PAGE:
Cover Caption: The above is the cover for the DVD of the movie based on the memoir by Rachel Simon. The cover features actresses Rosie O'Donnell and Andie MacDowell in their respective 2005 television movie roles on Riding the Bus with my Sister. One can also order the book which has a cover featuring a big tree and a little bus (rolling down a street in the background) from Amazon.
I chose to review Riding the Bus with My Sister for a graduate-level English class I had a couple of years ago because it is a popular book that dealt with a relationship built around special needs. The book was released in 2003 and a television movie was released two years later. My original review was three to five pages long, so I'll just summarize what I wrote to make for a more blog friendly post.
The bottom line is that I love this book. The author writes in a way that is both informative and entertaining. Simon portrays her sister in a way that made readers appreciate her sister Beth, a woman with mild mental retardation. Beth is portrayed as a woman with a funky fashion sense who exercises her independence by riding the bus daily. The author explores her feelings about Beth's lifestyle and comes to respect it when she starts riding along with her sister.
The best part about the book is that one can see how the relationship between the two sister's changed over a few decades. Rachel and Beth were close during their childhood, but drifted when the developmental gap widened and the author became a teenager.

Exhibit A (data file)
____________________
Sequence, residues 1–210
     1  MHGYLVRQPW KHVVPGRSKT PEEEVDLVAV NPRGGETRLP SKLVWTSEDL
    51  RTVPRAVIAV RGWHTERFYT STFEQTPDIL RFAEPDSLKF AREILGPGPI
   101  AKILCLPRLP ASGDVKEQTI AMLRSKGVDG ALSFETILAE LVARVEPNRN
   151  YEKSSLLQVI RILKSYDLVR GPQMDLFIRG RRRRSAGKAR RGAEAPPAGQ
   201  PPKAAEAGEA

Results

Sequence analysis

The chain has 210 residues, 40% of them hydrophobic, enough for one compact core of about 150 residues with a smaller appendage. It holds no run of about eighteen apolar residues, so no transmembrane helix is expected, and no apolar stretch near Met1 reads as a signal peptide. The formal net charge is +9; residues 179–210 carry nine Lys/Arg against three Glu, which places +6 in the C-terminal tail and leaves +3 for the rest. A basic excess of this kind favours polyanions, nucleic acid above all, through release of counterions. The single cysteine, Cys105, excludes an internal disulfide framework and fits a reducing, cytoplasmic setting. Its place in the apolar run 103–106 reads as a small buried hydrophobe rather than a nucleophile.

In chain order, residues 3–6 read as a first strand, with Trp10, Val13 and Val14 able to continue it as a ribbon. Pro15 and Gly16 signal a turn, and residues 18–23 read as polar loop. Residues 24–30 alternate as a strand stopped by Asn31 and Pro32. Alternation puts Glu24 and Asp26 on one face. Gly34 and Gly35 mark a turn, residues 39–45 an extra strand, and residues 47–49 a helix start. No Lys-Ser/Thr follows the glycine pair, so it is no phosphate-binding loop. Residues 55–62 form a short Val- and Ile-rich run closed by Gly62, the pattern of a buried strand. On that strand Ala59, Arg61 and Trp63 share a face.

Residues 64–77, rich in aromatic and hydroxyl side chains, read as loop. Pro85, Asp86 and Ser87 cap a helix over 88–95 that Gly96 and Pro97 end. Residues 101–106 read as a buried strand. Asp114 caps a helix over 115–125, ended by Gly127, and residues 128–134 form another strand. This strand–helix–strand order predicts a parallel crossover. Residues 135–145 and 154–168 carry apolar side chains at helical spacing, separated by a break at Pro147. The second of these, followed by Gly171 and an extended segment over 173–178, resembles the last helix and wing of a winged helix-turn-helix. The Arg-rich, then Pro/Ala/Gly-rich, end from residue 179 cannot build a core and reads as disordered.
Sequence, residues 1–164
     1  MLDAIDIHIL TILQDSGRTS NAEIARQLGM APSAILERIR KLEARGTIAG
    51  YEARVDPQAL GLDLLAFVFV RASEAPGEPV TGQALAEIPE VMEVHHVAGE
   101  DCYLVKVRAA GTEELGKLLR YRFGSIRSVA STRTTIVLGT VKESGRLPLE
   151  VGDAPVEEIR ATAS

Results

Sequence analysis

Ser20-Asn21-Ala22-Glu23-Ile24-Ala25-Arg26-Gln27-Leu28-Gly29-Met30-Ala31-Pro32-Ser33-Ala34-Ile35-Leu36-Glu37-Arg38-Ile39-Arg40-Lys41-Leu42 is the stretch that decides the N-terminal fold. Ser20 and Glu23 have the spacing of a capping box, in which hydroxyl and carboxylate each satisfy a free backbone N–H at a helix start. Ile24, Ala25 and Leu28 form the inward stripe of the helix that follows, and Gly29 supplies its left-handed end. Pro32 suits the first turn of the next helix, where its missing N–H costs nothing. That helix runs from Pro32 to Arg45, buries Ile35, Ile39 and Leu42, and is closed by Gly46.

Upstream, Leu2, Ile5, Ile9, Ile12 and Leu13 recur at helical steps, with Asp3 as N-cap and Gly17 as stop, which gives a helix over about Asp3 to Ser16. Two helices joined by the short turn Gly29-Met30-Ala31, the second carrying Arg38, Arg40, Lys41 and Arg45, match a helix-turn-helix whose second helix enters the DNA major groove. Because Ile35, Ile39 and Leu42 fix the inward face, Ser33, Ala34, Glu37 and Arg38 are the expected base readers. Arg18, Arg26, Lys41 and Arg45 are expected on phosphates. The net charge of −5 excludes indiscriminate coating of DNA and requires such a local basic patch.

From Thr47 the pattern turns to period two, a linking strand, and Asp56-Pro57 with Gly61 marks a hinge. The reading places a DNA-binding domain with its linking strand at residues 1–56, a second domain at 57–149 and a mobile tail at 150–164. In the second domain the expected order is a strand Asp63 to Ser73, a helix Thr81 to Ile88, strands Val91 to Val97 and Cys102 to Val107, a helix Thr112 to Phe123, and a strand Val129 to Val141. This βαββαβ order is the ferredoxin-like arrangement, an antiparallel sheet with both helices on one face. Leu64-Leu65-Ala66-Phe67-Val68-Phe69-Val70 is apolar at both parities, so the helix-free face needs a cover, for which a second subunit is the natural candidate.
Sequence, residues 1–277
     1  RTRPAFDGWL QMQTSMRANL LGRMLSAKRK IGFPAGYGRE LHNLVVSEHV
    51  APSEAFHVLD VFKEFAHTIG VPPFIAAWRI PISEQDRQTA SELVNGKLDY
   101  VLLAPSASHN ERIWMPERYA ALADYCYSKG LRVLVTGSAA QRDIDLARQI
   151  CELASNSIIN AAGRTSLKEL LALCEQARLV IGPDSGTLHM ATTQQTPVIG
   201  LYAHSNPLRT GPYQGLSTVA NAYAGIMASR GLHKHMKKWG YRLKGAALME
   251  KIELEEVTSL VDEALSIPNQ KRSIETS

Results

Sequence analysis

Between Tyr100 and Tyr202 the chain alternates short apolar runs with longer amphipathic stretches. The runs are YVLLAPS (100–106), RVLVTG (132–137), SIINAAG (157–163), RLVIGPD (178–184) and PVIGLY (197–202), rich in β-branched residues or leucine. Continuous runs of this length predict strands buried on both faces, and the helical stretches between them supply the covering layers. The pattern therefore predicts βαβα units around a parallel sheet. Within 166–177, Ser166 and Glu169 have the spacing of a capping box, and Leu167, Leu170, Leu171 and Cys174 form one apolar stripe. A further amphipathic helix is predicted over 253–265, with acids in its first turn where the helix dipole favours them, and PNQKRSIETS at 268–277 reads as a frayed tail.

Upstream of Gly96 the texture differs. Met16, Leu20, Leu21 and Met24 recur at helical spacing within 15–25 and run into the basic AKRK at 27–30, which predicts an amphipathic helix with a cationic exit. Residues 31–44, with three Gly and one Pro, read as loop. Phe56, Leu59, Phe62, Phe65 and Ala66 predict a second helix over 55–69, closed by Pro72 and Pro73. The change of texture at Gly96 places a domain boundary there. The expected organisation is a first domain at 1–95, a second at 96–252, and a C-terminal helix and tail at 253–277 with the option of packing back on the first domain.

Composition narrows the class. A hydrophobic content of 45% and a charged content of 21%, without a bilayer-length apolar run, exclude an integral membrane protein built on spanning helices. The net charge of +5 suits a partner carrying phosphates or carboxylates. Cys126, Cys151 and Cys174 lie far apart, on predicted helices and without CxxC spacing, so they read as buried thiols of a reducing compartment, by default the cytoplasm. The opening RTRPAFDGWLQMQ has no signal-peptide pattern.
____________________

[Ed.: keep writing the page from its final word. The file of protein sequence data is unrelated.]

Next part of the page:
The two drifted apart before a letter comes to Rachel inviting her to a plan of care review meeting for her sister. Fortunately Rachel realizes that this was Beth's way of telling her she wanted her sister back in her life. This is also the point where Rachel really takes their parents' place and becomes the primary advocate for her sister. Simon, a creative writing professor, does a great job of profiling the ups and downs the two face as they become reunited as sisters.
I also like how Simon dealt with the issues that adults with special needs face. Simon writes honestly about the challenges of living independently in terms of both family and public acceptance, public services, fertility and relationships.
In conclusion, I feel that siblings and parents of children and adults with special needs can benefit from reading this memoir. I hope you enjoy it as much as I did.
From the School Library Journal by Peggy Bercher (a review on Amazon's website):
"Even though Simon didn't know where it would take her, she accepted [Beth's invitation.] During that time, she came to see her sister as a person in her own right with strong feelings about how she wanted to live her life, despite what others thought."